WASHINGTON — U.S. Defense Secretary Mark Esper announced Wednesday that the Pentagon intends to conduct live trials pitting tactical aircraft controlled by artificial intelligence against human pilots in 2024.
The announcement comes three weeks after an AI algorithm defeated a human pilot in a simulated dogfight between F-16s, something Esper described as an example of the “tectonic impact of machine learning” for the Defense Department’s future.
“The AI agent’s resounding victory demonstrated the ability of advanced algorithms to outperform humans in virtual dogfights. These simulations will culminate in a real-world competition involving full-scale tactical aircraft in 2024,” Esper said in prepared remarks delivered to the department’s Artificial Intelligence Symposium.
The Aug. 20 test was the finale of the Pentagon research agency’s AI air combat competition.
The algorithm, developed by Heron Systems, easily defeated the fighter pilot in all five rounds that capped off a yearlong competition hosted by the Defense Advanced Research Projects Agency. Heron’s AI system gained notoriety throughout the competition for its aggressiveness and the accuracy of its shot.
But the system wasn’t perfect. Heron often made an error in basic fighter maneuvers by turning away from enemy aircraft to where the AI thought the other aircraft would go. It was then unable to recover throughout the fights.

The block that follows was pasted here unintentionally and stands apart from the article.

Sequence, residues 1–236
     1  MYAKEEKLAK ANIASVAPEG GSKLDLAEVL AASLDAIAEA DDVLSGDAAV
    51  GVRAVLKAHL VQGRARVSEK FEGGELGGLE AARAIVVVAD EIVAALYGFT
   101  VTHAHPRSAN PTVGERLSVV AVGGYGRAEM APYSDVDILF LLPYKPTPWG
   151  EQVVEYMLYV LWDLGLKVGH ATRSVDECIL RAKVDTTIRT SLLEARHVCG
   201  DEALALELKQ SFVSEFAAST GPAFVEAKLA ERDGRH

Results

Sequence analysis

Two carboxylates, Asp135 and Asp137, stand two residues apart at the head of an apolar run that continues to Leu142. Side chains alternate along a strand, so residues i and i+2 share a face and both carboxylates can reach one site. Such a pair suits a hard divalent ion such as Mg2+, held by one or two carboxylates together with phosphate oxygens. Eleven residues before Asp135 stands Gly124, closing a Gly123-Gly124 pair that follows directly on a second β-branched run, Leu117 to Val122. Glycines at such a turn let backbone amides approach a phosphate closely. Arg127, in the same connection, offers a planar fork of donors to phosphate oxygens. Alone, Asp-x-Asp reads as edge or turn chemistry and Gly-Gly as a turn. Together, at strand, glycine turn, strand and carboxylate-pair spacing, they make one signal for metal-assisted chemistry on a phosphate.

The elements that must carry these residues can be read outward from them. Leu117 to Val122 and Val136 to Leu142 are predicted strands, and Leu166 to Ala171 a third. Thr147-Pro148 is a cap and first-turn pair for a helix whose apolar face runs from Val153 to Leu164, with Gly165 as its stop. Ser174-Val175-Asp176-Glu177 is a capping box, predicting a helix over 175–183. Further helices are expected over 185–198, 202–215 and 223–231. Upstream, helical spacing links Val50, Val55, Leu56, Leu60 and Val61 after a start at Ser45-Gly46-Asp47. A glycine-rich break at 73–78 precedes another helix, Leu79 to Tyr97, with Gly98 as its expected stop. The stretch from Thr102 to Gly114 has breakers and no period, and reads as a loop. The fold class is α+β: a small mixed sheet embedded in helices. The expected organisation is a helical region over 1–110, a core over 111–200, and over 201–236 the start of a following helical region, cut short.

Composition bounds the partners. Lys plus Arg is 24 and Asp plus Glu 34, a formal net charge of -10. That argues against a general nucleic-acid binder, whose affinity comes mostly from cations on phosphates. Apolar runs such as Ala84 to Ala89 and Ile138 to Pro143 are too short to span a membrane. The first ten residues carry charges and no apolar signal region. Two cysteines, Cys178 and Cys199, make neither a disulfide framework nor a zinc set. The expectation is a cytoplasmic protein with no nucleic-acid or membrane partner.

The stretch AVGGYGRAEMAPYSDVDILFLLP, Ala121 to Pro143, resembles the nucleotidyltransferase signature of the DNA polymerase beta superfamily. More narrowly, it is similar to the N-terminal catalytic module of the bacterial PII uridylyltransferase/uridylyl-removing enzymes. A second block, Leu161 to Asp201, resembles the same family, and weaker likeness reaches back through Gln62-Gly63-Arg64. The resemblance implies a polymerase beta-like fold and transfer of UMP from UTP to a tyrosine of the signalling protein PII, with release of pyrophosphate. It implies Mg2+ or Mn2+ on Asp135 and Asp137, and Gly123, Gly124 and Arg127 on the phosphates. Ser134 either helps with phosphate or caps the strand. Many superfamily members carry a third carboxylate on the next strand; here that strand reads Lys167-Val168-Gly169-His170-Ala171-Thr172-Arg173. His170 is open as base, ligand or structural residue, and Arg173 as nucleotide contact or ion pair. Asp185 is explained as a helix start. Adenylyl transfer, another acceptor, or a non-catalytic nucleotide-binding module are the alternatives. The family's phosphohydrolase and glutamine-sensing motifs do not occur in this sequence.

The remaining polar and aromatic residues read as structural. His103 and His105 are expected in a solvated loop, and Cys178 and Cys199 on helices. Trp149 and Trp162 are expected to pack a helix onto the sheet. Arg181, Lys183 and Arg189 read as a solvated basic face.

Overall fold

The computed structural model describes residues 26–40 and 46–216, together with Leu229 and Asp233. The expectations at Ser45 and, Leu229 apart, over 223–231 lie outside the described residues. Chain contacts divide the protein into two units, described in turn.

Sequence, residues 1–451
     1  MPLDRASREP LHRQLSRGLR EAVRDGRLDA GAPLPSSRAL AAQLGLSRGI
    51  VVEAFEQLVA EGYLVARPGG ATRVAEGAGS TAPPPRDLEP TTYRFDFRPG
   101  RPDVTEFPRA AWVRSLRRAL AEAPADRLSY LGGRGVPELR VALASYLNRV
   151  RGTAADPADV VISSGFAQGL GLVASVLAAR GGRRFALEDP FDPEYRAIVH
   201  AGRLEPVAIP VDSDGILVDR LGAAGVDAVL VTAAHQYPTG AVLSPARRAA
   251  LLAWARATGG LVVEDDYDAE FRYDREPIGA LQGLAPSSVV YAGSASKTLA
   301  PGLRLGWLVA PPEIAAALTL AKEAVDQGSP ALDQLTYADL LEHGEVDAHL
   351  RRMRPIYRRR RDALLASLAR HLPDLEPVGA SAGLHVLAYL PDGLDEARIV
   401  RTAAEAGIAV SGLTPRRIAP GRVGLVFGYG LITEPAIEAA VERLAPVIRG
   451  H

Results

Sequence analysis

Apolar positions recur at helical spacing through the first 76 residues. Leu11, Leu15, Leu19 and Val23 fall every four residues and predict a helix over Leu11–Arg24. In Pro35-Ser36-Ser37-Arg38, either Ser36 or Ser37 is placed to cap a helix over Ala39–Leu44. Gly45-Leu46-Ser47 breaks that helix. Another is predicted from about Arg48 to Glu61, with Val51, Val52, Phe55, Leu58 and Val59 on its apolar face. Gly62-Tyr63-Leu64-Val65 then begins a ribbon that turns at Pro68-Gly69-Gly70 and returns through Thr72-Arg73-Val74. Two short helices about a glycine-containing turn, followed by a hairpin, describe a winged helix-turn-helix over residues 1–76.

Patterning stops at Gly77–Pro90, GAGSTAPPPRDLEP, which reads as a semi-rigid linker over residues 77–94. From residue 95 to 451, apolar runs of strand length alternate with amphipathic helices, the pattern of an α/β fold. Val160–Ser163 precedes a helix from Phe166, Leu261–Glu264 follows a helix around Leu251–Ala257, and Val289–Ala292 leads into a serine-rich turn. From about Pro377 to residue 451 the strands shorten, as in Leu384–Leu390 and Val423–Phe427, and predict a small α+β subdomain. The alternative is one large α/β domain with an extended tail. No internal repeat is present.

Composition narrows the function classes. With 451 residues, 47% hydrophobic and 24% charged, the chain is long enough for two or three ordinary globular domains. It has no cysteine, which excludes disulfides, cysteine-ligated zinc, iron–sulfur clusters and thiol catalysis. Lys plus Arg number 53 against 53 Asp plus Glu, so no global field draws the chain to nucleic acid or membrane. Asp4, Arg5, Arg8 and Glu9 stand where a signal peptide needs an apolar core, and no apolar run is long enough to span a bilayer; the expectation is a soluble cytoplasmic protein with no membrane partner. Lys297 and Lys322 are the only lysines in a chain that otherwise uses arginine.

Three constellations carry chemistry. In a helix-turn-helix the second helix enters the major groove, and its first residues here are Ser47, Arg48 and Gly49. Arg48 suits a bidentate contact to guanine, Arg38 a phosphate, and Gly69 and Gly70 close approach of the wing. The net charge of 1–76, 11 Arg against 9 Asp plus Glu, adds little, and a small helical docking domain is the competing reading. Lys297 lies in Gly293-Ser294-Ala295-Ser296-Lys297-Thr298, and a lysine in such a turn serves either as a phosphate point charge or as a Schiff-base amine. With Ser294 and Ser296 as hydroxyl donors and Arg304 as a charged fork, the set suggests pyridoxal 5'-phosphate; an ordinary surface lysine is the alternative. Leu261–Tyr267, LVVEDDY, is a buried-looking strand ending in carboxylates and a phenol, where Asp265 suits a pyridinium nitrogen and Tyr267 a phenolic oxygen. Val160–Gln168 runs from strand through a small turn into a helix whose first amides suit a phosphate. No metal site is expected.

“There are a lot caveats and disclaimers to add in here,” Col. Dan Javorsek, program manager in DARPA’s Strategic Technology Office, said after the test, including that the AI had significant information that might not be available in an actual combat scenario.
Military officials have long eyed the potential for AI to control aircraft, whether as part of a “loyal wingman” setup where a number of systems are controlled by one pilot, or through taking existing systems and making them optionally manned.
Aaron Mehta was deputy editor and senior Pentagon correspondent for Defense News, covering policy, strategy and acquisition at the highest levels of the Defense Department and its international partners.
Andrew Eversden covers all things defense technology for C4ISRNET. He previously reported on federal IT and cybersecurity for Federal Times and Fifth Domain, and worked as a congressional reporting fellow for the Texas Tribune. He was also a Washington intern for the Durango Herald. Andrew is a graduate of American University.